Across the country, I am seeing dairy cows grazing grass by day and on some farms cows are out by day and night. I am delighted to say that in the majority of cases these cows are looking quite well in regard to optimum body condition score (BCS) with a good metabolic and health status. The transition from non-lactating to lactating can be a stressful time for dairy cows and correct specific management must be the priority here.
Preventing Against a Negative Energy Balance
It is important to monitor dry matter (DM) intake of cows in all stages of lactation so cows do not suffer from negative energy balance (NEB) particularly in early lactation as this is when fertility issues can start to take hold.
High DM intake and an increased ratio of sugar-based feed based ingredients (beet pulp) are associated with good responses to reproductive performance. It is important to note that as the cow approaches calving they endure a reduced intake of between 25-40%, therefore it is important to offer pre-calving cows a higher energy dense diet three weeks from calving.
The hormonal changes prior to calving effect appetite and thereby reduce feed intake shortly before calving. The decrease in feed intake combined with the initiation of lactation and production of colostrum starts a period of NEB, this period must be minimised to offset the degree of mobilisation.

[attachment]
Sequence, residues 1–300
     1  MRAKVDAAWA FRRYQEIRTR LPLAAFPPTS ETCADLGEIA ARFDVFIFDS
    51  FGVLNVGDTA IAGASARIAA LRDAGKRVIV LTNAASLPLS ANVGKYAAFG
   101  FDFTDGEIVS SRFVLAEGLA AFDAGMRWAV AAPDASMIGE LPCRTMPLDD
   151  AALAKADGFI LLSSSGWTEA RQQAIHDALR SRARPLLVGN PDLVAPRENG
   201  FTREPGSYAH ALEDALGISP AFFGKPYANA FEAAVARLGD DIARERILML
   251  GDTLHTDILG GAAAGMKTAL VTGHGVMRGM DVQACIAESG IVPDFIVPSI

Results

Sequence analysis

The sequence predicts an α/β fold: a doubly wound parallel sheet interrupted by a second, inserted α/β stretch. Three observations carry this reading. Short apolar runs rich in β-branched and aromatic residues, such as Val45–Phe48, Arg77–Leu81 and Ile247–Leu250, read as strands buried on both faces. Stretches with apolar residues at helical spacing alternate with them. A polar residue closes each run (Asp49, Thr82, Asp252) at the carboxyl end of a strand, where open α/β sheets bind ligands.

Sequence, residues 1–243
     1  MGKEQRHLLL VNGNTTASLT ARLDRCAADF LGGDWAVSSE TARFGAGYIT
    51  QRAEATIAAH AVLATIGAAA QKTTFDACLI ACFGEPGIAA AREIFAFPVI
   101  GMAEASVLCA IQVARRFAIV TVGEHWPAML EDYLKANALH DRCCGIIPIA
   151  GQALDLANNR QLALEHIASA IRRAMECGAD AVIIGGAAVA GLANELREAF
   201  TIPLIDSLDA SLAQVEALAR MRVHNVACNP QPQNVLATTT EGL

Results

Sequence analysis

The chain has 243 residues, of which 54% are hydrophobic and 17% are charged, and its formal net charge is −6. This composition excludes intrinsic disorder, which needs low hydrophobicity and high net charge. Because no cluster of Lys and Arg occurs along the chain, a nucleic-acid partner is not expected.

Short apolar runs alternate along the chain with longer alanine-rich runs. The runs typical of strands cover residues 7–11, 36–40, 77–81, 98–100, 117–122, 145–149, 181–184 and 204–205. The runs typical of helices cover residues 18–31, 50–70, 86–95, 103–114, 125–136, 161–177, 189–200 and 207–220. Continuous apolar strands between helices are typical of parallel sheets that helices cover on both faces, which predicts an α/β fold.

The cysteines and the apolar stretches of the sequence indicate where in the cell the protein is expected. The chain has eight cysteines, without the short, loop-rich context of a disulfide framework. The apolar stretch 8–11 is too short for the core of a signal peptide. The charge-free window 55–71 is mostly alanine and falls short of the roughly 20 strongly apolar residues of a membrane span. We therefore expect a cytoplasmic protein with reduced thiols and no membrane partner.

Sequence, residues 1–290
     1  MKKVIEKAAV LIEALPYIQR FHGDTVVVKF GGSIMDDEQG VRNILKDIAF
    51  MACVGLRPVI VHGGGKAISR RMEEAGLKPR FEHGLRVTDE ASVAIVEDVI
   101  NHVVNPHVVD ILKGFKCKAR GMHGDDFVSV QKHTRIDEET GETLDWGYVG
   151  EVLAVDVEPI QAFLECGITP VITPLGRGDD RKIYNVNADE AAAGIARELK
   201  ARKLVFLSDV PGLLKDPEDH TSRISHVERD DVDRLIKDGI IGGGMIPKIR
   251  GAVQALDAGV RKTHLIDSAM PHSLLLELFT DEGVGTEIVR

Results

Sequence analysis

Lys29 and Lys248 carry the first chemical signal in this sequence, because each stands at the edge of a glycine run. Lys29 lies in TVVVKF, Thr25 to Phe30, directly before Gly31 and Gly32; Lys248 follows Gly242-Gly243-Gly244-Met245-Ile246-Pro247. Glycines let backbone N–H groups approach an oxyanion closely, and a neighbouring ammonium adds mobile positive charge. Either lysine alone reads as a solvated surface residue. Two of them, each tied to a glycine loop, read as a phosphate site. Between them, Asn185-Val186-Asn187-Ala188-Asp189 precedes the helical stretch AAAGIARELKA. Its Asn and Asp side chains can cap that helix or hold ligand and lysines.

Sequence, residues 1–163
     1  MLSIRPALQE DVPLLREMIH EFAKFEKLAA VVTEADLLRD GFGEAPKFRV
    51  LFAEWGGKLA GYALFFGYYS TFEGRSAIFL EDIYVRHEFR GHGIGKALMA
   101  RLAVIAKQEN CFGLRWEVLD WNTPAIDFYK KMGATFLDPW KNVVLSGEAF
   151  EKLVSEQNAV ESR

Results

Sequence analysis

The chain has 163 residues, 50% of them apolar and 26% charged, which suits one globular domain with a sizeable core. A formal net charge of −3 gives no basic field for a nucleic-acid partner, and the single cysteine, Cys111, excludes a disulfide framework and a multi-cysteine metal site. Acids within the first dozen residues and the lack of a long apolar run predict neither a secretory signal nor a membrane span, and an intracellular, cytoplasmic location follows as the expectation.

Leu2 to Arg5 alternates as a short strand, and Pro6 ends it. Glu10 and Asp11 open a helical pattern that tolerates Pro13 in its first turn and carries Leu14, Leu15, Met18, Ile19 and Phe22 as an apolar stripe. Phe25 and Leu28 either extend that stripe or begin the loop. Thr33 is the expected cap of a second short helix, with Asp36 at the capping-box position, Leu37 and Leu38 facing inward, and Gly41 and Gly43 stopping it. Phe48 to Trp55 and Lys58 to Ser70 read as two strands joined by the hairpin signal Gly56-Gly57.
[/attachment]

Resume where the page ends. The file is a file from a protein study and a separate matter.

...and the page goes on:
Approximately 33% of cows in each herd suffer a higher degree of mobilisation. When you compare them to the other 77% within the herd that mobilise less, they have a shorter severity of negative energy balance and hence less body condition loss. A greater degree of NEB will lead to more problems such as suppression of the immune system, uterine infection, mammary infections all due to a lower count of white blood cells and higher somatic cell count. Infectious disease post calving can also have a significant effect on fertility, for instance hypocalcaemia (milk fever), retained placenta, difficult calving etc.
Balancing the Diet Appropriately
In terms of dietary support, it is important that sufficient energy is provided matched to the milk yield and genetics of the specific cow. An imbalance of energy or too much protein will have a negative impact on reproductive performance, excessive amount of rumen degradable protein delays first ovulation or oestrus, reduced conception rate to first service. The cow will have to mobilise excessive protein, thereby using up energy in disposing of it.
It cows are already in NEB the problem is exacerbated with more ammonia and urea produced thereby having negative effects on oocyte and embryo development. Altered pH is the biggest challenge in dairy diets, following calving as acidosis is never too far away.
It is important that sufficient minerals are offered post-calving. Pay particular attention to key trace elements to include magnesium, phosphorus, sodium, iodine, selenium. Don’t forget about vitamins noting it is very important to have elevated levels of vitamin E to boost immunity and vitamin A & D.
In summary, dry matter intake, protein, and energy requirements together with an appropriate mineral balance will be crucial to the reproductive performance of the herd. The key will be to balance the diet to the type of cow you have on each specific farm.
At Connolly Red Mills we have tailored feeds to offset some of the associated problems I have mentioned and to have an overall successful breeding programme please contact any member of the nutrition team.